Running away during adolescence and future homelessness: The amplifying role of mental health.

Running away during adolescence and future homelessness: The amplifying role of mental health. Am J Orthopsychiatry. 2019 Jan 31;: Authors: Williams A, Giano Z, Merten M Abstract Previous research indicates a positive link between youth runaway episodes and the likelihood of homelessness in later adolescence and early adulthood. An adolescent's decision to run away from home often accompanies depressive symptomology compared with stably housed youth. The present study used a large, nationally representative sample of 8,560 youth to identify links among runaway behavior, changes in depressive symptomology during the transition from adolescence to emerging adulthood, and homelessness. Results suggest that running away during adolescence is linked with later homelessness across depressive symptom classes. In fact, even a single runaway episode as a teenager tripled the odds of reporting homelessness by young adulthood. However, the magnitude of the association varies based on depressive symptom trajectories. Adolescents reporting high levels of depressive symptomology that increased over time were 6 times more likely to experience homelessness, compared with youth with consistently low depressive symptoms. Interestingly, among participants who reported never running away, this same high/increasing depressive symptoms group were less likely to report homelessness than were peers with consistently low depressive symptoms. These findings point to a potential re...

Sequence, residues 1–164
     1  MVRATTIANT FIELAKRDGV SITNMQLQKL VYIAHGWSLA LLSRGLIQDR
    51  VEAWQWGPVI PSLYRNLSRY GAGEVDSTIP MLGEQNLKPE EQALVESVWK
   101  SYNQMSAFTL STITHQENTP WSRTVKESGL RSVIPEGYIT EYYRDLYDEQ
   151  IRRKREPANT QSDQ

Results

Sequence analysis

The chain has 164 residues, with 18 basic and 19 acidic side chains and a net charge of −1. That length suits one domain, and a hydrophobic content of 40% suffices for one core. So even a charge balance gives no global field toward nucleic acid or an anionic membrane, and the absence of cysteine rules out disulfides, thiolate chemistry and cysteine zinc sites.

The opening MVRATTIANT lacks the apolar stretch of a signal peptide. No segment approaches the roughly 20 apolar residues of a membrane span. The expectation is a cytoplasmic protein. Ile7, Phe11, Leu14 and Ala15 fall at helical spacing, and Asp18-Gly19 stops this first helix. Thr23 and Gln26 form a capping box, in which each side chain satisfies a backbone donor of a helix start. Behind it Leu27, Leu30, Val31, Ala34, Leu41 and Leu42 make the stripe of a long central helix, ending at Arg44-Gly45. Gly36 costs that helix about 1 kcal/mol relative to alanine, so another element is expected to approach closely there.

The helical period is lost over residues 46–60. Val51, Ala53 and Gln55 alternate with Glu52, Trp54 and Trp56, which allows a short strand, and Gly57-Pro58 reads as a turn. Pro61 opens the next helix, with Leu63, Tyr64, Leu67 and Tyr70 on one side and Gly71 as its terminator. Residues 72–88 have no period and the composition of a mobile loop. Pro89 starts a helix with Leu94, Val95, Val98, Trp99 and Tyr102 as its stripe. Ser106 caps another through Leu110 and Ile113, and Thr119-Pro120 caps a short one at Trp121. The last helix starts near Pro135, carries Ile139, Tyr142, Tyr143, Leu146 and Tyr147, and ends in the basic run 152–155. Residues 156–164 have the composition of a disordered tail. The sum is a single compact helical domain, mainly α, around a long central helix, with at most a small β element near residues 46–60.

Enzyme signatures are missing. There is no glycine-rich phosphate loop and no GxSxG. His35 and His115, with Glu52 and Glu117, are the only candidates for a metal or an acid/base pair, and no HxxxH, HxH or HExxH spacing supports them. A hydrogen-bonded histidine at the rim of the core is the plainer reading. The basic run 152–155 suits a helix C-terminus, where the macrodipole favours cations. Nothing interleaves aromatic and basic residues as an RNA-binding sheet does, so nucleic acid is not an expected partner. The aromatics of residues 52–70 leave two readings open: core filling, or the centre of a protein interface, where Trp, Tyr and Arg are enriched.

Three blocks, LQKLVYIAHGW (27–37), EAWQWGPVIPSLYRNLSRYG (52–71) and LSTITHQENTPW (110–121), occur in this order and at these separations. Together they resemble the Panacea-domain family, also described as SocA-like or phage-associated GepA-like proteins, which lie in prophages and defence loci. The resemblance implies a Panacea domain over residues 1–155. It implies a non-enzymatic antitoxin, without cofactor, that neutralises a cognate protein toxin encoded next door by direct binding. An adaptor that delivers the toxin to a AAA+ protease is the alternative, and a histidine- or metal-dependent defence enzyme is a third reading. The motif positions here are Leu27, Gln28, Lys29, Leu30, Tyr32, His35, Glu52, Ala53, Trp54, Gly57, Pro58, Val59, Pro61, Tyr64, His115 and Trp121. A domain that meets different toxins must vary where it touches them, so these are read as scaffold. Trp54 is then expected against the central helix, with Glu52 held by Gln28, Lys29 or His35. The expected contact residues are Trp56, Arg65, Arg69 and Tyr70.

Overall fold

Source: The American Journal of Orthopsychiatry - Category: Psychiatry Tags: Am J Orthopsychiatry Source Type: research

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ConclusionsThis study shows that a relapse is accompanied by an increase in MS-related fatigue. Moreover, autonomic dysfunctions and introversion, more than depression and apathy, play a major role in the explanation of MS-related fatigue. This finding represents additional evidence for the relationship between inflammation, vagal afferent signalling, autonomic dysfunctions, introversion and the feeling of MS-related fatigue.KeywordsMultiple Sclerosis, fatigue, relapse, autonomic dysfunctions, vagal afferents
Source: Multiple Sclerosis and Related Disorders - Category: Neurology Source Type: research
Publication date: December 2019Source: Research in Autism Spectrum Disorders, Volume 68Author(s): A. Muskett, N.N. Capriola-Hall, S. Ryan Radtke, R. Factor, A. ScarpaAbstractYouth with Autism Spectrum Disorder (ASD) experience depression and anxiety at higher rates than typically developing (TD) youth. The current study examined how restricted and repetitive behaviors or interests (RRBs) may be related to symptoms of depression and anxiety. Participants included 35 children with ASD (29 male, 6 female) between 3 and 14 years. Youth who met clinical cut-off for depression and anxiety demonstrated increased self-injurious be...
Source: Research in Autism Spectrum Disorders - Category: Psychiatry Source Type: research